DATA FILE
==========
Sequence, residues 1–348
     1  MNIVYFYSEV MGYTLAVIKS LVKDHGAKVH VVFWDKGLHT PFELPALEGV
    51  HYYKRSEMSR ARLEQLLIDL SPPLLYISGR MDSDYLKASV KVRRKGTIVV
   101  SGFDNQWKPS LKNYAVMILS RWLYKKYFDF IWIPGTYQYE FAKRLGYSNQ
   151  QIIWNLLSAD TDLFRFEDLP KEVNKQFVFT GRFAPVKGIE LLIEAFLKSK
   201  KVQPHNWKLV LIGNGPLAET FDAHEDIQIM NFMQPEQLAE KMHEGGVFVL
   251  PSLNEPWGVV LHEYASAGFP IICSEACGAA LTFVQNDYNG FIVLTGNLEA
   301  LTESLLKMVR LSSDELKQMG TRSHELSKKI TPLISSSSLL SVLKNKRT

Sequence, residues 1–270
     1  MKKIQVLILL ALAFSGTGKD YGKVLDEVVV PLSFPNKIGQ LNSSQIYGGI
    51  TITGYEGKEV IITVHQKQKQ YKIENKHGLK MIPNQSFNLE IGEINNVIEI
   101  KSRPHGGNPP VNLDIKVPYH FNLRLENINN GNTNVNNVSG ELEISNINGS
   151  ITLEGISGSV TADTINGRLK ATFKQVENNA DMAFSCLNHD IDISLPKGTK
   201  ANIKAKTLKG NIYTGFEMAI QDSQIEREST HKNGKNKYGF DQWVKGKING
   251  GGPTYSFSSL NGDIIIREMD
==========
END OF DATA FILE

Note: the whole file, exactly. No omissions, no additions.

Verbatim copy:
Sequence, residues 1–348
     1  MNIVYFYSEV MGYTLAVIKS LVKDHGAKVH VVFWDKGLHT PFELPALEGV
    51  HYYKRSEMSR ARLEQLLIDL SPPLLYISGR MDSDYLKASV KVRRKGTIVV
   101  SGFDNQWKPS LKNYAVMILS RWLYKKYFDF IWIPGTYQYE FAKRLGYSNQ
   151  QIIWNLLSAD TDLFRFEDLP KEVNKQFVFT GRFAPVKGIE LLIEAFLKSK
   201  KVQPHNWKLV LIGNGPLAET FDAHEDIQIM NFMQPEQLAE KMHEGGVFVL
   251  PSLNEPWGVV LHEYASAGFP IICSEACGAA LTFVQNDYNG FIVLTGNLEA
   301  LTESLLKMVR LSSDELKQMG TRSHELSKKI TPLISSSSLL SVLKNKRT

Sequence, residues 1–270
     1  MKKIQVLILL ALAFSGTGKD YGKVLDEVVV PLSFPNKIGQ LNSSQIYGGI
    51  TITGYEGKEV IITVHQKQKQ YKIENKHGLK MIPNQSFNLE IGEINNVIEI
   101  KSRPHGGNPP VNLDIKVPYH FNLRLENINN GNTNVNNVSG ELEISNINGS
   151  ITLEGISGSV TADTINGRLK ATFKQVENNA DMAFSCLNHD IDISLPKGTK
   201  ANIKAKTLKG NIYTGFEMAI QDSQIEREST HKNGKNKYGF DQWVKGKING
   251  GGPTYSFSSL NGDIIIREMD